i’ve been thinking a lot about accessible activism lately

i’m just so tired of people upholding this Real Activism where people physically go out to protests and rallies and do the Real Work and donate and tell everyone else to stop sitting in front of their computer and that you need to Get Out There as if mental illness and chronic illness and literally everything about life doesn’t exist

not all of us can leave our homes, our families, our jobs, spend money, let alone have any of those things to begin with, y’know?

so how do we make activism more accessible? esp now that people are criticizing online petitions and fundraisers as not being enough? what does it mean to be an activist? what does it mean to do? what does it mean to do enough?

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White protesters get called “patriots,” after blocking streets and terrifying school buses filled with children. It’s assumed these “protesters” have jobs. No riot gear. No tear gas. No tanks.

Meanwhile, Ferguson protesters get called called “thugs,” “animals,” and “terrorists” for blocking streets. Protesters make sure ambulances are able to pass through. Ferguson protesters are told to “go get jobs.” AND we’ve seen the massive police response. Pin on Pinterest.

#StayWoke

Today, November 20th is Transgender Day of Remembrance. I am remembering the too many transgender and gender diverse people whose lives have been destroyed, diminished or damaged by hate and ignorance. I am also honoring today my transgender and cisgender friends who stand up against hate, and who work so hard to make us all safer.

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Fists Up! Fight Back!: Help A Mother Regain Legal Custody of Her Children

Our friend Kerie is on a fixed income and needs some help paying legal fees. After a loooooong battle to get parental rights restored, the end is in sight and any help is greatly appreciated! 

She’s already paying off thousands of dollars of legal fees accrued to-date and must now prepare for a long cause hearing in February 2015 which will likely cost another $3000 in legal fees as it will involve subpoenas and expert witness testimony, likely a psychological assessment to prove she’s mentally fit, etc.

Let’s ensure she doesn’t have to do this alone and help this mama so that money isn’t the barrier standing between her and what’s best for her kids!! To help, you can purchase this shirt.

ALL PROCEEDS GO TO KERIE’S LEGAL FUND. SIGNAL BOOST!

Purchase Shirt Here | Facebook Page Here | Donate Here

It’s never too late to remember, and never forget our brothers and sister’s struggles. We’re Here. We’re Queer. We’re Fabulous. Don’t Fuck With Us!
#TransDayofRemembrance #TDOR
#TrueTransSoulRebel #TransPride #QueerPride #TransEquality #queer #GenderFluid #Transgender #genderfuck #GenderQueer #Pride #TransFeminism #Activism #Feminism #LGBTQAI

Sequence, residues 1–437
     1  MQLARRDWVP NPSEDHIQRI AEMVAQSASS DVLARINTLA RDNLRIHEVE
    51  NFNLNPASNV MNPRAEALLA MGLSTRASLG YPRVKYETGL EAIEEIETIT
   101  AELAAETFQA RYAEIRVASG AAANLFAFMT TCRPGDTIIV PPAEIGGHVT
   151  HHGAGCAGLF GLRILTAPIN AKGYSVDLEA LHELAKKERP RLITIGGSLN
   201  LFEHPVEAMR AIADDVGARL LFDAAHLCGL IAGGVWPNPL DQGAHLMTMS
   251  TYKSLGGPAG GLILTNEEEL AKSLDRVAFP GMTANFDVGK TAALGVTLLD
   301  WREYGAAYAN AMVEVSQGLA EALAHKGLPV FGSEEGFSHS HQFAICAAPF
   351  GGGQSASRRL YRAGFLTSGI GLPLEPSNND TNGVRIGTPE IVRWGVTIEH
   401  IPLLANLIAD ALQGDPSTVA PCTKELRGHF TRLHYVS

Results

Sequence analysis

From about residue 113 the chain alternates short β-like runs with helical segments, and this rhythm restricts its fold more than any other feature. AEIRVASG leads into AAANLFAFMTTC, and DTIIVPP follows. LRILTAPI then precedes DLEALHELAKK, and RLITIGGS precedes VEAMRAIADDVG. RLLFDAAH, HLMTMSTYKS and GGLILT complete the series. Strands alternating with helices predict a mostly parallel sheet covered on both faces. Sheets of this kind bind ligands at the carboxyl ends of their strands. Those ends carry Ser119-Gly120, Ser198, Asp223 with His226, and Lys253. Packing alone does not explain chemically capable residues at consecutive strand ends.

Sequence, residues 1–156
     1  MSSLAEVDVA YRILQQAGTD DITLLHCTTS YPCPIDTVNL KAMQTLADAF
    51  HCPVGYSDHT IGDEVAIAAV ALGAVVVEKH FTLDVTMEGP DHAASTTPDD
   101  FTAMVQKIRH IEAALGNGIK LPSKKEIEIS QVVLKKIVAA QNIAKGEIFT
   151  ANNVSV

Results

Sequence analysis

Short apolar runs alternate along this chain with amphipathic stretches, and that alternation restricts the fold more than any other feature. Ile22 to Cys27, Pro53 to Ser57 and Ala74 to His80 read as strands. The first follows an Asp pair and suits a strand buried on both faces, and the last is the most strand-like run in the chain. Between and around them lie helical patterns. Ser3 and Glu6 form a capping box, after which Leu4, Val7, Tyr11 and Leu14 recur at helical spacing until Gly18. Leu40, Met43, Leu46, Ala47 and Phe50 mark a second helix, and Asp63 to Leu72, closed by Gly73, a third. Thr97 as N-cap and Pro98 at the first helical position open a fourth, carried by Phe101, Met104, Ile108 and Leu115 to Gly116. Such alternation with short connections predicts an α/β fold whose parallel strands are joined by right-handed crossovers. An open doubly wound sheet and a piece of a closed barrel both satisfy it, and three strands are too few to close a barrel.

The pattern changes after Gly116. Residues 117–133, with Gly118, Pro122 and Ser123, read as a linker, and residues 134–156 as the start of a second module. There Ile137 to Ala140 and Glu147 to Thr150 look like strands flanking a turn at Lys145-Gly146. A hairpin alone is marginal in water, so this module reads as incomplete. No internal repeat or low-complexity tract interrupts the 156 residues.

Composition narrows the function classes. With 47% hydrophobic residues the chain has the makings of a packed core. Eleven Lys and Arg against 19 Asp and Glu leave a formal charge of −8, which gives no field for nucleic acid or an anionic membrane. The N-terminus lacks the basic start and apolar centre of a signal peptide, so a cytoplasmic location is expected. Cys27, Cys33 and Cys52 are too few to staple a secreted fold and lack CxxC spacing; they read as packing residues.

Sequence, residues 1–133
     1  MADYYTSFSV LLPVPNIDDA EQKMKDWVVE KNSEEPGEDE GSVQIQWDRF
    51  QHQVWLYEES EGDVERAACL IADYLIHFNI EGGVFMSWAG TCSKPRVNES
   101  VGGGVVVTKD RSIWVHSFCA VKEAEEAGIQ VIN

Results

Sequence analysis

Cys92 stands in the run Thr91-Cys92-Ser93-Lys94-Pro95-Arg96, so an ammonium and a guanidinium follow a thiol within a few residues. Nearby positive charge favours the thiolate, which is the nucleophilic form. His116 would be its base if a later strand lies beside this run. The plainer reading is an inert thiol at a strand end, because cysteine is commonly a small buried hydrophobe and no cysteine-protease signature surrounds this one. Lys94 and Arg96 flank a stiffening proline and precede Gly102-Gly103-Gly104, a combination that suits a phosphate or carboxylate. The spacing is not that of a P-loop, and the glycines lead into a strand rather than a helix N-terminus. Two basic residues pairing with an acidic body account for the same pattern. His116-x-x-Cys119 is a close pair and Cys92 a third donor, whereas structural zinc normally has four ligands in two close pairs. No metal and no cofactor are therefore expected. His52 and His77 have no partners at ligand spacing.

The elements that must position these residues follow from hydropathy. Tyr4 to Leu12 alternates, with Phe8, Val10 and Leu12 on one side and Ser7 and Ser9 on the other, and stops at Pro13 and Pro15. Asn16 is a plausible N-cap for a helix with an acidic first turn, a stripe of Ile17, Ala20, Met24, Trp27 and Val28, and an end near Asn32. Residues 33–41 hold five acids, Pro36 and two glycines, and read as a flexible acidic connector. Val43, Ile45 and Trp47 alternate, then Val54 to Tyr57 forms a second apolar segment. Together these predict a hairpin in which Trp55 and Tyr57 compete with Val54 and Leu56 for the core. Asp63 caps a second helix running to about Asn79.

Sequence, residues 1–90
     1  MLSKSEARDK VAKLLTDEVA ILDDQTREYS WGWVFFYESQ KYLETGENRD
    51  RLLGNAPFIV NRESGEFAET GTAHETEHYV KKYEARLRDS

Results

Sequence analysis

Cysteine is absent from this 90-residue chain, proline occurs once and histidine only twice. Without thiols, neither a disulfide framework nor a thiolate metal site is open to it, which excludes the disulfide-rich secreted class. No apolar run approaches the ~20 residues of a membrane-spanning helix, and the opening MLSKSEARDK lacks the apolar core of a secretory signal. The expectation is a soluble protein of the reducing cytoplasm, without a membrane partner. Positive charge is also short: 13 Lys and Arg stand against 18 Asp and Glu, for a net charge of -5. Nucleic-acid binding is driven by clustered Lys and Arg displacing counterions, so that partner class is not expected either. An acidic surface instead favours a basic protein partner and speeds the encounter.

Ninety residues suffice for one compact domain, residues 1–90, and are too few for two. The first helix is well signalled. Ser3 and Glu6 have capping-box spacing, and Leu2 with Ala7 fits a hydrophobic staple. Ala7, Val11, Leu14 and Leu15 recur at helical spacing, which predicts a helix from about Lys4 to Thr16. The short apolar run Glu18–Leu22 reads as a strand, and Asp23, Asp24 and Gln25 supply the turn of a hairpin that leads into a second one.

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#Repost from @thisisjorge —- @lasantacecilia serenading detainees outside immigration detention center in #LosAngeles.

I am loving student life

And I don’t just mean that in a sleeping in until 11 and watching Netflix sort of way (although both of those activities are not without merit). This Gender Studies course is absolutely fascinating, and I’m very proud of my grades so far. In fact, I have found my niche in life. Should everything continue to go this well, my plan is to continue my studies and obtain a PhD. Someone asked me if I would use the title of “Doctor”, which is a question I seriously doubt men in academia are ever asked. If I do go on to get a doctorate, I’ll have spent 4 years on my Honours degree, 2 years on my MLitt, and 3 on my PhD. That’s 9 years of work. Of course I would use the damn title, and I’d do it with pride.

Anyway, to focus on the present, I am enjoying every minute of my course. This is the happiest and most fulfilled I have ever been. Education is a wonderful thing. The reading is always interesting, and class discussions are great. Our tutorials follow a discursive model, and what I love is that everyone talks to one another so respectfully. Everyone has something interesting to contribute to our lessons.

Even if people disagree (and we often do, because there are such a broad range of lived experiences in the room) it is always polite and informative - nobody is aggressive or tries to silence anybody else. The topics we cover - feminism, gender, sexuality - have always interested me. The reason I don’t engage with them more online, specifically on Tumblr, is because activists are often didactic at best, and rude at worst. I’ve seen people get angry about “tone policing”, but how you deliver your message is so important. Before this course, I was completely disinterested in intersectionality because the first place I came into contact with the theory was Tumblr, and it was not exactly encouraging. When preparing for my course, I read “Feminism is for Everybody”, one of the most accessible and engaging feminist texts, and my perspective changed. 

In “real” life, people are not going to engage with someone who is overly confrontational, so why would they do that online? It makes no sense. I like that the goal is always to learn. SJW activists often say “It’s not my job to educate you”. That is so counter-productive, and also rather elitist. I’m aware that I am extremely privileged to be able to continue my formal education to this level. Not everyone has that opportunity. Knowledge shouldn’t exist solely in an academic setting. As far as I’m concerned, refusing to help someone become informed about any issue tied with liberation or equality is the polar opposite of activism.